State of the debate on the geographical reach of NIAC rules
As the “fight against terrorism” has taken a global dimension, the question of the applicability of IHL beyond the State where a NIAC originates has become more pressing. While IHL instruments are largely indeterminate on the issue, the debate has polarized, in a nutshell, around two main conceptions of IHL applicability.
The first approach considers that IHL is geographically limited based on national borders. IHL applies in the territory of a given State if an armed conflict exists there. For instance, if the US is engaged in a NIAC against ISIS in Syria and launches operations against an ISIS cell located in, say, Mauritania (a non-neighboring State), IHL would not apply to such operations until the threshold of a NIAC is met in Mauritania. This would be doubtful in case of a single drone strike for instance. (Many proponents of this first approach would, however, accept that IHL applies to operations spilling over the Syrian border, into a neighboring country). One question resulting from this territorially-based conception of IHL applicability is whether IHL is applicable to the territory of States engaged in an extraterritorial NIAC even when no hostility is occurring there. While States’ pronouncements on this issue are scarce, France seems to consider that IHL does not apply to its territory despite its armed forces being engaged in several NIACs extraterritorially. The ICRC favors the contrary view.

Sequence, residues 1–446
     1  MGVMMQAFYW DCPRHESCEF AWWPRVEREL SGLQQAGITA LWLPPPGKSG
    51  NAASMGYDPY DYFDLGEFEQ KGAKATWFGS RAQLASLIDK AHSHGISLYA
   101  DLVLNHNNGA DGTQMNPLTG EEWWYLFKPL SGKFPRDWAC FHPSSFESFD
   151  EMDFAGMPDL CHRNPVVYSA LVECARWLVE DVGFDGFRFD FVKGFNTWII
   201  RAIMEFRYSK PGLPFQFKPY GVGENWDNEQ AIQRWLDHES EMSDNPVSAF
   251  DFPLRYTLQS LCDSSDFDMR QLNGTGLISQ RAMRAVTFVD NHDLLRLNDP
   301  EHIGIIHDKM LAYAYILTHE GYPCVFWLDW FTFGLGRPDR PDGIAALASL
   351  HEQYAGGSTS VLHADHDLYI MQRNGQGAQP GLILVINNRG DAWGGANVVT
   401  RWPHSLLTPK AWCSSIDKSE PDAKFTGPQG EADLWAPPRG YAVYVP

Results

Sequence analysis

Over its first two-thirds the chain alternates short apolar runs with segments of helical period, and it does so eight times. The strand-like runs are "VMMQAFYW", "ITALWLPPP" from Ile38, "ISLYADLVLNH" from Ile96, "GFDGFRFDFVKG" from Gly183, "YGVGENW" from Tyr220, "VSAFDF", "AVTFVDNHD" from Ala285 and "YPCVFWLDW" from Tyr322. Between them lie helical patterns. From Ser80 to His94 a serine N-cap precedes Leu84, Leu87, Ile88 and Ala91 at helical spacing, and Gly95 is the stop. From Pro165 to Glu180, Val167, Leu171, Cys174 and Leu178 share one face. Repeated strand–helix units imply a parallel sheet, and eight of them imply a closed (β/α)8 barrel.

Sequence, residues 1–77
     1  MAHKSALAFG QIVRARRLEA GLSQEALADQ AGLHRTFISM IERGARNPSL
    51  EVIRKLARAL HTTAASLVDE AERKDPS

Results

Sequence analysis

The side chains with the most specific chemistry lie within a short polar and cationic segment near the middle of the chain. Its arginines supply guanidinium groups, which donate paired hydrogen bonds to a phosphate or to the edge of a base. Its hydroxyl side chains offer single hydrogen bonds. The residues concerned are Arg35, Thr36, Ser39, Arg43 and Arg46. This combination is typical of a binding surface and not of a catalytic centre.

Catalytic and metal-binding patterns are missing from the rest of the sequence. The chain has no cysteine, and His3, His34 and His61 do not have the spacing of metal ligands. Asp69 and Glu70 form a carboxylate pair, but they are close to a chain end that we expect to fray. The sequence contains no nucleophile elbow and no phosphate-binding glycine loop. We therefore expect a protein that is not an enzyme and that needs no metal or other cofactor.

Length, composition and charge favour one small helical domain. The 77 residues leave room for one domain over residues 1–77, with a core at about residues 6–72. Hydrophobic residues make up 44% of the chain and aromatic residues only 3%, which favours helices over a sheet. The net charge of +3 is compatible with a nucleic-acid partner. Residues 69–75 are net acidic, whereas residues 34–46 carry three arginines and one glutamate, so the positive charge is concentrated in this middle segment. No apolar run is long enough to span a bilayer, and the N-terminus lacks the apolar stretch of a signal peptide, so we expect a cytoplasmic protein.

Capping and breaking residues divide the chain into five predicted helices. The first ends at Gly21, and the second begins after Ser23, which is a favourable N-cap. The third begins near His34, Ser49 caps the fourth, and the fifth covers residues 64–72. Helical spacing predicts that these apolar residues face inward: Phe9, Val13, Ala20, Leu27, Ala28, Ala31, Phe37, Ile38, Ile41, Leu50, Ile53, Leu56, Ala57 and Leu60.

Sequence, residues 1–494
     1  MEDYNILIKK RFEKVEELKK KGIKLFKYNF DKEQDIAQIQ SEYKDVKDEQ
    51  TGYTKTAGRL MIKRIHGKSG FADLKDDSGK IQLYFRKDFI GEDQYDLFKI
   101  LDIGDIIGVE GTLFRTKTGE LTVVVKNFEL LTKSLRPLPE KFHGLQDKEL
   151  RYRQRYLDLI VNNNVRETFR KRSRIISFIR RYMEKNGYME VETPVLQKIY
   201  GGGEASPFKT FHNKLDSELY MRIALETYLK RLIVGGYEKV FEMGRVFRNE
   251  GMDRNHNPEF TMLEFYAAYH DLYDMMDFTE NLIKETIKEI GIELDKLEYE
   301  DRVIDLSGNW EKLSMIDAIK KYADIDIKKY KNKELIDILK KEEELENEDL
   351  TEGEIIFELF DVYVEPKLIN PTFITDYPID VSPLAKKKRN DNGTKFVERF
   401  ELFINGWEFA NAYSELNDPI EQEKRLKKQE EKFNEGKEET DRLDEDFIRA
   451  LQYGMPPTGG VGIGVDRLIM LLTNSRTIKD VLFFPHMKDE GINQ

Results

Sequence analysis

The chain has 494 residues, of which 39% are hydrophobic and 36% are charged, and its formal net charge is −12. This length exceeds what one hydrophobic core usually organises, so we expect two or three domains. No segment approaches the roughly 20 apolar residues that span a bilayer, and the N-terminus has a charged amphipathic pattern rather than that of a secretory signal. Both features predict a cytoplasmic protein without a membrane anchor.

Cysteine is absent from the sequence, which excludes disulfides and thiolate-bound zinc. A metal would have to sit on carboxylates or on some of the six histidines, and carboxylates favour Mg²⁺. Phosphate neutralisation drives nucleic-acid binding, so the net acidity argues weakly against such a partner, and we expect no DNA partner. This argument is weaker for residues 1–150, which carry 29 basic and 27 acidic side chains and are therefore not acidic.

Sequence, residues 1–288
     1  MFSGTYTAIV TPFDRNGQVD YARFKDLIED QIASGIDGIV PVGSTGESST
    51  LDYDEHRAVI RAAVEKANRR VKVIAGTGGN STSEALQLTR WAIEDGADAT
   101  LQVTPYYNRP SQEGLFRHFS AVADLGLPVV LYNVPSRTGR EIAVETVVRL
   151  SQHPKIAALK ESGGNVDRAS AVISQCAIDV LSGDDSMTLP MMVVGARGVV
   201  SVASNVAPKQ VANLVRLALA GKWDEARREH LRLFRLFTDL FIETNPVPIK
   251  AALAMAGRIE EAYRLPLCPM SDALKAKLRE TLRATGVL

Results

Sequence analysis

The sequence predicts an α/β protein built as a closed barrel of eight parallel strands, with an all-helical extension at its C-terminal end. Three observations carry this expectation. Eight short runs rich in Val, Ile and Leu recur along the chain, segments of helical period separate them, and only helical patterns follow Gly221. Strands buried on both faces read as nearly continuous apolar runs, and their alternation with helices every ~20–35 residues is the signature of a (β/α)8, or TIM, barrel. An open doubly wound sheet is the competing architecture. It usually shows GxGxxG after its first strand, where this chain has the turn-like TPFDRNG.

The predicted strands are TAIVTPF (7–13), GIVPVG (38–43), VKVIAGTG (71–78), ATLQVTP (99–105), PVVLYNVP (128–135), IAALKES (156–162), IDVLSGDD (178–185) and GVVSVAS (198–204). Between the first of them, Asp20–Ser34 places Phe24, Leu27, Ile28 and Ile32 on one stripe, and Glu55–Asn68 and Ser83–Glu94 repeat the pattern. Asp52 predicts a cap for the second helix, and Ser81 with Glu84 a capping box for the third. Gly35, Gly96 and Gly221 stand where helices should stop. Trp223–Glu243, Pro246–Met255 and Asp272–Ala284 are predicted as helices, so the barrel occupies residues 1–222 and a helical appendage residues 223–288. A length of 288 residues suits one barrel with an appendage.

According to the second approach, IHL is, generally speaking, territorially unrestricted. IHL attaches not to territories but to the conduct of armed conflicts and their effects on individuals, irrespective of location (except, of course, when provided otherwise by specific rules, e.g. rules on occupied territories). The only condition to the application of IHL to a given act or ommission is the existence of an armed conflict and of a sufficient nexus to it. For arguments in favor of this approach see here and here. Critics have expressed fears that this would result in a “global battlefield” as States would be able to rely on the supposedly more permissive rules of IHL to conduct hostilities across the globe.